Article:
The U.S. Department of Homeland Security is testing an IPS called Einstein 3 that eventually could be deployed across executive-branch civilian networks. If an IPS got the implicit blessing of Homeland Security, it could help win over security specialists who doubt that the systems will take hold in big companies.
Ask a penetration tester what they worry about when breaking into a remote network, and they'll say "firewall," says Thomas Ptacek, of Matasano Security. "I'd be surprised if they say 'IPS' at all."
Still, the IPS is sharing traffic attack data with the firewall and gaining virtualization features, horsepower, and other enhancements to become more application-aware, as well as to help secure client machines.
Companies are more likely to have an intrusion detection (IDS) system, which spits out alarms if something looks amiss but doesn't take action on them, as an IPS does. The IDS is less invasive to the network.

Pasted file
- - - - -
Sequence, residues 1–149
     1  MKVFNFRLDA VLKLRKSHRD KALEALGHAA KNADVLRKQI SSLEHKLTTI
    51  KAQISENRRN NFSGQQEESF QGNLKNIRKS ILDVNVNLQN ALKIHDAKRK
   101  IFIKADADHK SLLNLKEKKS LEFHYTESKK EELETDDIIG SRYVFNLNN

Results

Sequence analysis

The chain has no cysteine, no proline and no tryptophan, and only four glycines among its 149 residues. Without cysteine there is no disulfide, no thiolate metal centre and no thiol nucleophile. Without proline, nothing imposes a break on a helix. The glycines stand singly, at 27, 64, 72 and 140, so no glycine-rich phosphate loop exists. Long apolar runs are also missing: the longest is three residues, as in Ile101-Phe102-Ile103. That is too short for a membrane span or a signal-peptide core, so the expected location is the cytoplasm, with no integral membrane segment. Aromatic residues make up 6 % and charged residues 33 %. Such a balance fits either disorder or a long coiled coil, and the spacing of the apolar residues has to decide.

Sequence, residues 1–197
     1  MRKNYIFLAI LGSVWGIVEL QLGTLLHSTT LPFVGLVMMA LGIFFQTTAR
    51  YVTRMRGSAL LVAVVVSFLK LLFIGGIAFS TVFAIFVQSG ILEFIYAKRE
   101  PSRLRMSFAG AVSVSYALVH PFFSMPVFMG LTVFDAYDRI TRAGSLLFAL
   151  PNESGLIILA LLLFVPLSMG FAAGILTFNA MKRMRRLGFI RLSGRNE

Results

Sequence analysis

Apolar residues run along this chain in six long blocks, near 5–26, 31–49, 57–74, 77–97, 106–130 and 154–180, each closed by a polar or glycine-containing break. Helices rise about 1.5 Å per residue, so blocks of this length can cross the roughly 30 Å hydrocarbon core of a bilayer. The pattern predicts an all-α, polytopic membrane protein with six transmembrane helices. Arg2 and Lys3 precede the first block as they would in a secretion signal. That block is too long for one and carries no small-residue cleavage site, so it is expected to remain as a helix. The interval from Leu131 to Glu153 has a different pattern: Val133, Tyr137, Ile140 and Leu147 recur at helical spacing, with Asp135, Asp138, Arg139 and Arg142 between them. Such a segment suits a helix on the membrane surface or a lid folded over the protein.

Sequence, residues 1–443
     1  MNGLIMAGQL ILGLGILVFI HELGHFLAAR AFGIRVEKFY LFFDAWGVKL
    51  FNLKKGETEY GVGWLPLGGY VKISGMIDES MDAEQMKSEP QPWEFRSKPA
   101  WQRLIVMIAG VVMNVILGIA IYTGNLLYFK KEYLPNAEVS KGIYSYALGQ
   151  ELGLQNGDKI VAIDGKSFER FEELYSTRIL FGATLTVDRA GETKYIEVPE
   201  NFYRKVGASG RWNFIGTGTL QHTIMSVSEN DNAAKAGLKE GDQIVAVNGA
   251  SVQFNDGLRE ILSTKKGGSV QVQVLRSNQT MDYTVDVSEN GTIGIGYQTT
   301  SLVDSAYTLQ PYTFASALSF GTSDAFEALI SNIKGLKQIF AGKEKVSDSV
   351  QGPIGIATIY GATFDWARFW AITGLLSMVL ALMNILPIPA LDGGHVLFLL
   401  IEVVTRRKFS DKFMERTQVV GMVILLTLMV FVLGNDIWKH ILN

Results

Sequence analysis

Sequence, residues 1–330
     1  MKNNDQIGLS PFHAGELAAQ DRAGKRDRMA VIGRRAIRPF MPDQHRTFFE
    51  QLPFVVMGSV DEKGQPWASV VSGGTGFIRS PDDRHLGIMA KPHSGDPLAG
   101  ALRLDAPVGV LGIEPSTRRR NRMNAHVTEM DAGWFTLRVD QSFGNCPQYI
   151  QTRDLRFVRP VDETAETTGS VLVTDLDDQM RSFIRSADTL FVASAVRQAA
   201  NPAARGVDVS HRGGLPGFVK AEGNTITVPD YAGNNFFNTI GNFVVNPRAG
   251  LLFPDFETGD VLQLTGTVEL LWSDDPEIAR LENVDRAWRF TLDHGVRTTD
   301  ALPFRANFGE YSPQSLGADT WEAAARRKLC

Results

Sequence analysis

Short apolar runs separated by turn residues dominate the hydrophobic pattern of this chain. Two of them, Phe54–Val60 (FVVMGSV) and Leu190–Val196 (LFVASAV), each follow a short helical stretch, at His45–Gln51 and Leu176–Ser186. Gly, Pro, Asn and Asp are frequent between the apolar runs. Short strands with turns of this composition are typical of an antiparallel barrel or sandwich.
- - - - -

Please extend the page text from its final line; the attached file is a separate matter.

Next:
Vendors are trying to overcome the IPS barriers. Virtual IPS and support for virtualized environments are popping up. Like firewalls, IPSes are starting to recognize application services. The next generation of IPSes will do more to protect against client-side attacks--including having SSL inspection to look inside HTTPS traffic and to inspect IPv6 traffic, says Pentti Lehtinen, technical architect at security vendor Stonesoft.
The cloud is beginning to play a part. Econet's Sentinel IPS runs outside the firewall, and Econet is gathering threat and attack intelligence from customers, like antivirus vendors do, to spot new threats more quickly. One county government security officer notes that, with the cloud setup, attack traffic "doesn't even get to my firewall, so the amount of work for my firewall goes way down."
--Kelly Jackson Higgins ([email protected])
'Very Effective' Security Technologies
31% Intrusion prevention and detection
28% Strong passwords
Data: InformationWeek Analytics Strategic Security Survey, April 2010